Louth, Maximus the Confessor, 143, Dailogue 10, 41: 1188B. Maximus stresses that “God
alone is simple,” Maximus the Confessor, The Ascetic Life; The Four Centureis on Charity, trans.
Polycarp Sherwood, Ancient Christian Writers, no. 21 (Westminister, MD: Newman Press, 1956),
Encountering God – Walter Sisto  11

of the Christological framework and the context of salvation history. Within

Maximus’ writings, Divine Energy is most often addressed within the context of
mysticism. For this reason I now turn to Maximus’ mystical writings.
For Maximus the goal of the spiritual life is deification which he understands
“as a state in which the creature’s ‘natural energy’ (physikë energeia) is suspended
in such a way that God establishes [the creature’s own] natural energy within
God.”25 Deification is first and foremost a union of the human and Divine
Energy, or more specifically the event in which God’s energy overwhelms a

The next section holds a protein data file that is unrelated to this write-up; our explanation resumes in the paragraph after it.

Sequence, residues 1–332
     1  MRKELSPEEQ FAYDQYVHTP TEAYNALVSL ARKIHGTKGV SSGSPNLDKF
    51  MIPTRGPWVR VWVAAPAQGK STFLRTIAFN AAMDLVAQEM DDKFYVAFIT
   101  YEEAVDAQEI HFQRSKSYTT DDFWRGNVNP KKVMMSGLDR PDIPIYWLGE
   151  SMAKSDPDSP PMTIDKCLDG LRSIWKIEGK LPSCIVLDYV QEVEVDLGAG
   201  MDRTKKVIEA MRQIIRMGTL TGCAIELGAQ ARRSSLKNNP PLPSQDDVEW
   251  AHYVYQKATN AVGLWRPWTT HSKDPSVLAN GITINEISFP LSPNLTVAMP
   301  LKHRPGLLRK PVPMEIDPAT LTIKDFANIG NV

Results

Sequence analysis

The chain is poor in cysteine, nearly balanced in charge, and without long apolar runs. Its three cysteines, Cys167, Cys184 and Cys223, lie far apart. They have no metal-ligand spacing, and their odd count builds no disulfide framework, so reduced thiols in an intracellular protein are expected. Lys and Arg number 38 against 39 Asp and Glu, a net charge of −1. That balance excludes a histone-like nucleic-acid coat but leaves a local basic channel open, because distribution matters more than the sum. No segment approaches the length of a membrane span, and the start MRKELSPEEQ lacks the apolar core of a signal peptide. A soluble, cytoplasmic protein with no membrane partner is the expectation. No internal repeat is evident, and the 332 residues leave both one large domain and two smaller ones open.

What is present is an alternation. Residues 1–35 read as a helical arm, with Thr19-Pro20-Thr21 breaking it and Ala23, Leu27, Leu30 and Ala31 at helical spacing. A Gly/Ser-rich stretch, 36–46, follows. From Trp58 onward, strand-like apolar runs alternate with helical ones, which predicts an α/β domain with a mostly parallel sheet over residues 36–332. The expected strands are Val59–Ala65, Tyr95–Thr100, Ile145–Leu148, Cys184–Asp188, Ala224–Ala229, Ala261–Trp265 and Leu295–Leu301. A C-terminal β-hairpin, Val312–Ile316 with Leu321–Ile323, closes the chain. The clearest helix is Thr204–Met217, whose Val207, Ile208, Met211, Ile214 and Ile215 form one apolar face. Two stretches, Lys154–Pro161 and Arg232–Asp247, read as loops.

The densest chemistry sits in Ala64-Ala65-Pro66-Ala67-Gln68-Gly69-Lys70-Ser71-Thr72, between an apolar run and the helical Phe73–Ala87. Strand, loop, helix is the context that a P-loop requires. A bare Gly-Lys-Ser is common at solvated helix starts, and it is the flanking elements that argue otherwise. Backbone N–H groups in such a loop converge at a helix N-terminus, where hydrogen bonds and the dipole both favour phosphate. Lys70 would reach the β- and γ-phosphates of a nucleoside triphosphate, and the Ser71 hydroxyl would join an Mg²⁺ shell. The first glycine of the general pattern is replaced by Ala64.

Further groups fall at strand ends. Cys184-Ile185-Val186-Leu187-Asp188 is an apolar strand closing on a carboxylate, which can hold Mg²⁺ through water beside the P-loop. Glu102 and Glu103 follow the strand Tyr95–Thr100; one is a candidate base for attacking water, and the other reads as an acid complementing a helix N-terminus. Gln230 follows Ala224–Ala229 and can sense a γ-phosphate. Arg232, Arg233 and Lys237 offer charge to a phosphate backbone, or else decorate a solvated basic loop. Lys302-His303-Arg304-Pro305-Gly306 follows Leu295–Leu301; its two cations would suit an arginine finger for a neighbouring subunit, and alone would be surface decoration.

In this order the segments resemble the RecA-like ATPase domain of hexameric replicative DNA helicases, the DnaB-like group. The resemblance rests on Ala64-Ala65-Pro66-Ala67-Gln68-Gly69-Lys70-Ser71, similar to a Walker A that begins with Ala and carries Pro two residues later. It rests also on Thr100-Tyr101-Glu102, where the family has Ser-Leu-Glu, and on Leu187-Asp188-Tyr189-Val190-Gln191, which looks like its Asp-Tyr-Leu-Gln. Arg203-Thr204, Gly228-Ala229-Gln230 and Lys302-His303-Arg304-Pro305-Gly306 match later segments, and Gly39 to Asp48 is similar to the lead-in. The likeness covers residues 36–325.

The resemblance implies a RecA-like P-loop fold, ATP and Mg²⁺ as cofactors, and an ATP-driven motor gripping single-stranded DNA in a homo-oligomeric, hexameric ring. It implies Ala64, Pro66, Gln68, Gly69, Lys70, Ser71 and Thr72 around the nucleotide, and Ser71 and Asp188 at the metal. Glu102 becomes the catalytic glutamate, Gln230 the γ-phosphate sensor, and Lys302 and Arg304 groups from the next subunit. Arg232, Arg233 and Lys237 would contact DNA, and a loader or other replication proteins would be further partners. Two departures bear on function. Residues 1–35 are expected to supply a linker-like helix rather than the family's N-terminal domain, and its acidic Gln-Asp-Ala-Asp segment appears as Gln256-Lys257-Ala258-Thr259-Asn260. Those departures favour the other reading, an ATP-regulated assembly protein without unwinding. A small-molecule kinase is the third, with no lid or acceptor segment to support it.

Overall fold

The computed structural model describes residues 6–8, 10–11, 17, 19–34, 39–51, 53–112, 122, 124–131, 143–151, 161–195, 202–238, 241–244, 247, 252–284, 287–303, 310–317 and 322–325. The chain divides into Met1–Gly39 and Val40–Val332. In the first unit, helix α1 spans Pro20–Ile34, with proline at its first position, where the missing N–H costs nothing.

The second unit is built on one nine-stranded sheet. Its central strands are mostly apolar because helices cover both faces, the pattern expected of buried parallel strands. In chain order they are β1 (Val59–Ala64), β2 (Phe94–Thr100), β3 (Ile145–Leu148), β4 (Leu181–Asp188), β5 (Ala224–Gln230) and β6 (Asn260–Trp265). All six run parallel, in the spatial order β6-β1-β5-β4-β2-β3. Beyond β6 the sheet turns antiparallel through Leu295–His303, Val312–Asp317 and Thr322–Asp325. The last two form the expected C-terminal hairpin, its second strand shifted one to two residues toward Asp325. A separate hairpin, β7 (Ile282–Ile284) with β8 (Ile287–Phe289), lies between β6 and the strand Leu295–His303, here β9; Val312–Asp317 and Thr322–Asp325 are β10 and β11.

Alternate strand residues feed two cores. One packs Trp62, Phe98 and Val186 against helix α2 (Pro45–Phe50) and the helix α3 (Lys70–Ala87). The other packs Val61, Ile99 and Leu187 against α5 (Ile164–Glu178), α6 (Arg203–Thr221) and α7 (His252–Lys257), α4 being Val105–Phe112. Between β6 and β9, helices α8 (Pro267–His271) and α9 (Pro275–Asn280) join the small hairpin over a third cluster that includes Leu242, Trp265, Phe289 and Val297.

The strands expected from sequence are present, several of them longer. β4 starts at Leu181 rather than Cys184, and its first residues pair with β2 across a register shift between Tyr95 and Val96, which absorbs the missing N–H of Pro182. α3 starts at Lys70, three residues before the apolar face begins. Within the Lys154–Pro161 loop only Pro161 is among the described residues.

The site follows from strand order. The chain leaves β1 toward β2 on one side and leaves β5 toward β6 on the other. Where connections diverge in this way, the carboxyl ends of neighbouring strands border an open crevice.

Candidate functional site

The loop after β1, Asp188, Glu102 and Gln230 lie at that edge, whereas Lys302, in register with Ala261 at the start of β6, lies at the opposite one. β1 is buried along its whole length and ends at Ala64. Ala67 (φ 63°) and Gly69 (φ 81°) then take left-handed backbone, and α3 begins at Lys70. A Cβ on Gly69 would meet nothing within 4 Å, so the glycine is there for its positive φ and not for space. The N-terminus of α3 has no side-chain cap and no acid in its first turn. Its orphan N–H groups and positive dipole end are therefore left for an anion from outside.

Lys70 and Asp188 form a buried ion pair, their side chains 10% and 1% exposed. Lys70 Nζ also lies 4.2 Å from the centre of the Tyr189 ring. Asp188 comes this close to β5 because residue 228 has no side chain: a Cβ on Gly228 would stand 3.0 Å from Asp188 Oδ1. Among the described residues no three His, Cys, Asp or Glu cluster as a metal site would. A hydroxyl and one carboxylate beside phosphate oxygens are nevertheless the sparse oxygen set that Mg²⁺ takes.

human person to the point where the human energy becomes completely inactive
and united with God’s energy. Nevertheless, the suspension of human energy is
not inactivity in the formal sense. Given Maximus’ Aristotelian understanding
of the relationship between essence and energy, an inactive nature would result
in the deadening of the human nature or the annihilation of the human person,
for the human nature and will would no longer exist. For Maximus the natural
will and energy of the human hypostasis is always oriented towards God. Thus,
deification accomplishes humankind’s goal. For Maximus, deification is an
“actively-inactive” participation on the part of the human person, who actively
receives the Divine Energy, yet remains inactive insofar as deification is entirely
initiated and sustained by God. Note that the human person always remains a
creature, as its nature remains distinct from the Divine Nature.
Christ has a very important role in Maximus’ mystical theology: not only